Some more updates about the shocking (or, uh, predictable) news I wrote about yesterday here on GeekDad that The Hobbit will now be released as a trilogy of films.
First, regarding the release schedule, some of the fuzziness has been cleared up. The first two films will be December releases, but the third will break that tradition (established by The Lord of the Rings trilogy) by being released mid-year instead.
According to the official press release from Warner Bros. Pictures, “The first film in the trilogy, The Hobbit: An Unexpected Journey, will be released December 14, 2012, with the second film releasing on December 13, 2013, and the third film slated for summer 2014. All three films will be released in 3D and 2D in select theatres and IMAX.”
Also: TheOneRing.net has confirmed that “this newly announced film will not serve as a bridge film but continue to tell the story of The Hobbit, in three parts. It is believed that the breaking points of the first film has changed.”
This has raised speculation as to when the break would be between films one and films two, as well as between films two and films three, and how much extra material that’s not technically part of the book will be pulled in for more story (padding?). It has been suggested that “the first movie follow the escape of the goblins, the second cover the search for/destruction of Smaug, and the third follow the Battle of Five Armies.” But this dragon could be slain and carved up in several ways. We do know that more shooting has been scheduled for next summer, 2013, so it’s even possible the script has yet to be written for much of the third film.
The name of the first film will remain The Hobbit: An Unexpected Journey. The name of the second film may change. As for the newly announced film, it’s untitled at the moment. According to Slashfilm, Warner Bros. has registered some domains that suggest possible titles: Riddles in the Dark, and the Desolation of Smaug.
Other ideas? I found some fun ones on Facebook:
Bringing Up Bilbo
Tyler Perry’s The Hobbit
50 Shades of Gandalf the Grey
Dude, Where’s My Ring?
Raiders of the Lost Arkenstone
and my favorite suggestion (also via Facebook):
“If they do change the name of the 2nd film, it can only be The Hobbit 2: Electric Boogaloo.”
(Thank you, Rebecca Perry.)
As for my favorite headline thus far, over at BadassDigest.com they proclaimed, “It’s Official: 300 Page Children’s Book To Be A Trilogy.”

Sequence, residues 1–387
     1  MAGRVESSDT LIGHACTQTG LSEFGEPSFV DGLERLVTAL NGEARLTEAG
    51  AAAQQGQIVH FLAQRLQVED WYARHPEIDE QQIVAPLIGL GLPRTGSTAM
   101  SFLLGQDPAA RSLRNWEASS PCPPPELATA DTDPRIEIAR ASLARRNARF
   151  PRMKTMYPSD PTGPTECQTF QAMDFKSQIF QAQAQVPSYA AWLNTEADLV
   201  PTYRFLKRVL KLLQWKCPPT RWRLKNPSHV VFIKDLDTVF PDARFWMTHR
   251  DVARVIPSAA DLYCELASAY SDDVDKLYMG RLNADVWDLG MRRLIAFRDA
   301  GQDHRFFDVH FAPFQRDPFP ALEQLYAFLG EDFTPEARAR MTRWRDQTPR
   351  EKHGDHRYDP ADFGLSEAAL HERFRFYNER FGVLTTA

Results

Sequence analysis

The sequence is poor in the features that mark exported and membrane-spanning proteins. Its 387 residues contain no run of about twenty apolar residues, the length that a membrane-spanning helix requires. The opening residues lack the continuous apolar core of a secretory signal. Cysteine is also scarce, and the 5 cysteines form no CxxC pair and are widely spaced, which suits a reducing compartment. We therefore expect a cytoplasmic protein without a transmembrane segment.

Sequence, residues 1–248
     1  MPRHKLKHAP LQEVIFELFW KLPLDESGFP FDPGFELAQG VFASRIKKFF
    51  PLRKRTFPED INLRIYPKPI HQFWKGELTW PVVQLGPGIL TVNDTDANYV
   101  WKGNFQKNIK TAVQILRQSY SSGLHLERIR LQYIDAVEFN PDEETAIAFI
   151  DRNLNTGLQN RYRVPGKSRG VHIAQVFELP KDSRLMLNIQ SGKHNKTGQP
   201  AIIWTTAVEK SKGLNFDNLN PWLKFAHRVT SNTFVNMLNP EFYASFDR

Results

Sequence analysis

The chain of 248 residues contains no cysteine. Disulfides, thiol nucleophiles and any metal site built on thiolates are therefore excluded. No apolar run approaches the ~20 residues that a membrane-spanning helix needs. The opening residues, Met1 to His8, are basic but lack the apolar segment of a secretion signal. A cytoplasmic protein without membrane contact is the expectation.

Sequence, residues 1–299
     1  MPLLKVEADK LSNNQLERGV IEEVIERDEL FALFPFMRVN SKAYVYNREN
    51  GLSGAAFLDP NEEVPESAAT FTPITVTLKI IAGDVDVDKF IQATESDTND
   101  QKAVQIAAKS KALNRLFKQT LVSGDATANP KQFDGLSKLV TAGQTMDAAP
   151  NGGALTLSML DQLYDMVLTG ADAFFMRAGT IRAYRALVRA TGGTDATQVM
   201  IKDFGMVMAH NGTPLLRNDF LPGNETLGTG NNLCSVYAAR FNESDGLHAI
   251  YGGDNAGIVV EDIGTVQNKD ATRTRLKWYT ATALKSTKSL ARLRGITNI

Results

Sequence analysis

Which is a good point. The Lord of the Rings is 1,000-plus pages. The Hobbit is not. The decision to make it three films is wearying to some. One commenter to my post yesterday, FreddyLongJohns, wrote, “Peter Jackson for the ‘Most likely to turn into George Lucas and ruin everything’ award.” It’s certainly a concern. Another reader, prime1987, jabbed with this comment: “The Hobbit: There and Back Again; The Hobbit: An Unexpected Journey; The Hobbit: Cashing In.” Ouch. Maybe Sir PJ won’t be able to restore his reputation if fans think this is all about making gazillions.
Certainly, there’s a trend now of splitting franchise books into two films: Harry Potter and the Deathly Hallows started it, and the last movie of the Twilight saga, Breaking Dawn, and Mockingjay, the final book in The Hunger Games series, will continue this practice, which seems more driven by doubling a studio’s money than the needs of the story or artistic excellence.
A GeekDad reader named Jonathan Cypher had this hopeful suggestion: “Maybe he’s doing it that way to shorten the length of the movies. So instead of sitting through 3 hours, we are only sitting through a standard 1 and a half, 2 when he makes extended versions.” That is a hopeful thought.
Risks? With three films to fill, we might get needless asides and random silliness. Too much backstory of a minor dwarf. Painful comic relief. A love interest for Gandalf. Let’s hope not. Still, there could be the issue of a watered-down plot. “Bilbo’s story could be in danger of getting thin and stretched, ‘like butter scraped over too much bread,'” said a commentator over at TheOneRing.net. True.
Meanwhile, long-silent Christopher Tolkien, J.R.R.’s aging son and literary executor and editor, is none too pleased about The Hobbit being made into a film. (He didn’t like it when LOTR was adapted, either.) In an incredibly rare interview with France’s Le Monde earlier in July (English translation here), he said, “They eviscerated the book by making it an action movie for young people 15 to 25. … And it seems that The Hobbit will be the same kind of film.”
He continued: “Tolkien has become a monster, devoured by his own popularity and absorbed by the absurdity of our time … The chasm between the beauty and seriousness of the work, and what it has become, has gone too far for me. Such commercialisation has reduced the esthetic and philosophical impact of this creation to nothing. There is only one solution for me: turning my head away.”
Christopher will be none too pleased by the news of a Hobbit three-fer.
Meanwhile, our very own Erik Wecks is lobbying for The Silmarillion to be made as a movie. In case the folks at Warners, or Peter Jackson, need another project.